- Virginia Johnson
Gather your family together for an hour or two of face-to-face gaming with a twist: you can make the games yourselves to match your family's interests.
Create a trivia game for the sports nuts or a dinosaur trek for Land Before Time fans. You can also make your own boards for checkers, chess, or a Monopoly-style game, perhaps with a different theme. There are no limits to what kinds of games you can make. You can model the rules on games you know or create something totally different.
Homemade games can get you good grades, too. A trivia game or a bingo game can be adapted for SOL study. Social studies bonus points: board games have been used around the world for generations. If you have a project due on a particular country or time period, there was probably a popular board game you can recreate for fun in the classroom. Colonial Williamsburg had its English draughts (checkers), the Vikings had a chess-like game called Hnefatafl, and the ancient Egyptians had Senet.
These supplies can help you get started making your own games and are available at most craft stores:
- White foam board
- Colored marking pens
- Construction paper
- Large glass beads, novelty erasers (dinosaurs, cars, spaceships, etc.), or other good placeholders
- Index cards
- Laminate sheets (to make your game more permanent)
If you have access to a computer, you can use it to print photos or text instead of drawing and lettering them by hand.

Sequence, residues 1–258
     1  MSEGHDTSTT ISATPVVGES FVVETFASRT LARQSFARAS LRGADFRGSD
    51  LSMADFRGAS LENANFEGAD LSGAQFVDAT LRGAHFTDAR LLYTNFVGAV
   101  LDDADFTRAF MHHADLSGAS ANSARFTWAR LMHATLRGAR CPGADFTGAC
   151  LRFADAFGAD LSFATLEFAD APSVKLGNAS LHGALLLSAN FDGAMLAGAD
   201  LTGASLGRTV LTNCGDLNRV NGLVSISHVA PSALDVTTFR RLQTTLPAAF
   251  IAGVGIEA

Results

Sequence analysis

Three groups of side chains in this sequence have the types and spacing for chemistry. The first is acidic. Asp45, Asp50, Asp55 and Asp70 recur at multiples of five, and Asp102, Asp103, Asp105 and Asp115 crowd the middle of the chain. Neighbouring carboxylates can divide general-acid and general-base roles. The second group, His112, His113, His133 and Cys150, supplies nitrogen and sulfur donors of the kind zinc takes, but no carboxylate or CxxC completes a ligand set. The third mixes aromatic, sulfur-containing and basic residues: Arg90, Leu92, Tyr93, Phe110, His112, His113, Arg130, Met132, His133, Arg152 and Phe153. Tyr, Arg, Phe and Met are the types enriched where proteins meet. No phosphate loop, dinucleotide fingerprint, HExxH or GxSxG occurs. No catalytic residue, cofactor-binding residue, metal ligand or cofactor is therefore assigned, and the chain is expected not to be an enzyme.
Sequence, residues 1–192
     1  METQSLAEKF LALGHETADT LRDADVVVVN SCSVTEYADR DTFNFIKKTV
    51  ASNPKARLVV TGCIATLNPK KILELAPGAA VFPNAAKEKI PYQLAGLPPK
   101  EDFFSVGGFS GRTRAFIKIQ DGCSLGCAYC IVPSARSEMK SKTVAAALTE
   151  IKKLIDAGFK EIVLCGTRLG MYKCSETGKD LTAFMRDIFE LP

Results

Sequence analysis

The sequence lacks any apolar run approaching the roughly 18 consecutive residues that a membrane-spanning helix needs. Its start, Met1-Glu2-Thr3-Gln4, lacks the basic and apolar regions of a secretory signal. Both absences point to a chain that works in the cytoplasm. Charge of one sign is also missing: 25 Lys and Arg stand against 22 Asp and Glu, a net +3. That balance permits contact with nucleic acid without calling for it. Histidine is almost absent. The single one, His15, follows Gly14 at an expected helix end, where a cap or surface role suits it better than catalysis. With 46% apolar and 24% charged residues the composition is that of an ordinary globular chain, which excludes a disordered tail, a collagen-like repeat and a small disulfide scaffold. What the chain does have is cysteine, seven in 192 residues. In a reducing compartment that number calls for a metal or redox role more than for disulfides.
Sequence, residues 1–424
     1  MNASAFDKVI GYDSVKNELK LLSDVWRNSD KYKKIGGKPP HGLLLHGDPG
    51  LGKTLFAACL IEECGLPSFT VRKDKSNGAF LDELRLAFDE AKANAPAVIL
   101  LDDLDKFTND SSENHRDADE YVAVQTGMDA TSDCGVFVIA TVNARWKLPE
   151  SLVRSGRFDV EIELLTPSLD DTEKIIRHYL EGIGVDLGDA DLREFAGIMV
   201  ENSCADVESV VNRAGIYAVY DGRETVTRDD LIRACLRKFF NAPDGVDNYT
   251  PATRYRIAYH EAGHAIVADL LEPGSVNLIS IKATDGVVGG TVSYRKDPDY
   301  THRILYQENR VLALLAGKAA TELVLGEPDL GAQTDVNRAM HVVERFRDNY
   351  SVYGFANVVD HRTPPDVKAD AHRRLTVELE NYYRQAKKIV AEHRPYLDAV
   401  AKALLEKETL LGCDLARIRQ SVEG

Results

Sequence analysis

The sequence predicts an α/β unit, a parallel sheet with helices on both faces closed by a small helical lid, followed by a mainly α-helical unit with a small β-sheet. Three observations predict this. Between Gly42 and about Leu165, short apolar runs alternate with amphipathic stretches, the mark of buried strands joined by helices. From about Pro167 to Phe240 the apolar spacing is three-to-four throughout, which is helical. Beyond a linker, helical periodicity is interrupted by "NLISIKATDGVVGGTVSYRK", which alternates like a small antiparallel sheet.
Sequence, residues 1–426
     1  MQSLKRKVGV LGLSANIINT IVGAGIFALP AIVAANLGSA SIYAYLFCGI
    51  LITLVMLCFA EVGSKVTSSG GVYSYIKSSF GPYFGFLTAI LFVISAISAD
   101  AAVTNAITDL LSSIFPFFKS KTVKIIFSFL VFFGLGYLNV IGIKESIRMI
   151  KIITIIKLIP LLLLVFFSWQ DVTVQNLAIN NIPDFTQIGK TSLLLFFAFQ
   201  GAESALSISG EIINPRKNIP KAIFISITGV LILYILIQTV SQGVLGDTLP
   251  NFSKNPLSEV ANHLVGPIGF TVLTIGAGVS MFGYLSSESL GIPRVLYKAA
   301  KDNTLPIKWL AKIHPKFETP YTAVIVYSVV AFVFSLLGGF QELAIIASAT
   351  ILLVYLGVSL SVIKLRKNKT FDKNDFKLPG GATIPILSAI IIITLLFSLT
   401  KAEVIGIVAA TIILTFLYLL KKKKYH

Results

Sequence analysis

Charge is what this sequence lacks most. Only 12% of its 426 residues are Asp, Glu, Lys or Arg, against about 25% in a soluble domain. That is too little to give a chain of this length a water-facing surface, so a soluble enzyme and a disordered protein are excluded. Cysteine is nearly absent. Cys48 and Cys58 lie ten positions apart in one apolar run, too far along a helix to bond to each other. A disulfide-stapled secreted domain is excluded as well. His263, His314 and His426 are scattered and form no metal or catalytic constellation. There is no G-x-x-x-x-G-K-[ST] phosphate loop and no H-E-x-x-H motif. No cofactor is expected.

These books and Web sites have ideas for board games and other tabletop games. Some are old; some are not. Whatever you choose, remember that the most important rule of any game is to have fun.
In the Library
At Play in the Past, Present and Future by Linda Bozzo
Learn about all kinds of games kids played in the past, including board games, and think about what games might be like in the future.
Dominoes around the World by Mary D. Lankford
A collection of rules for domino games found around the world, including versions from Cuba, Malta, the Netherlands, Vietnam, and France.
A Gallery of Games by Catherine Marchon-Arnaud
Gives step-by-step instructions for making beautiful, funny, or unusual versions of familiar games, including ring toss games and checkers.
Steven Caney's Playbook.
Many, many fun things to do in this classic. Table games are made from easy to find materials and include Kalah, Spider in the Web, Finger Maze Cards, Round Checkers, the Game Kit, and Tic-Tac-Trouble.
On the Web
Board Game Maker from Tools for Educators
Need a class project? Offers free worksheets, a free board game maker, board game creator, and ready to print board games to use as resources for lessons, lesson plans and printable materials for English classes.
BBC's parenting section has simple games to make that have a lot of appeal for young kids: Run, Rabbit, Run; Beetle; Lotto; and Pairs.
A game to print out that is something of a cross between checkers and Connect Four.
The Last Slice
World history students may enjoy making their own versions of eleven games that were played thousands of years ago. Includes rules and diagrams when known and photos of ancient relics.
Viking Board Game
Hnefatafl simulates a Viking raid and was something the Vikings could play indoors on bitter Scandinavian nights. Well-diagrammed with clear instructions. From the Smithsonian Institution.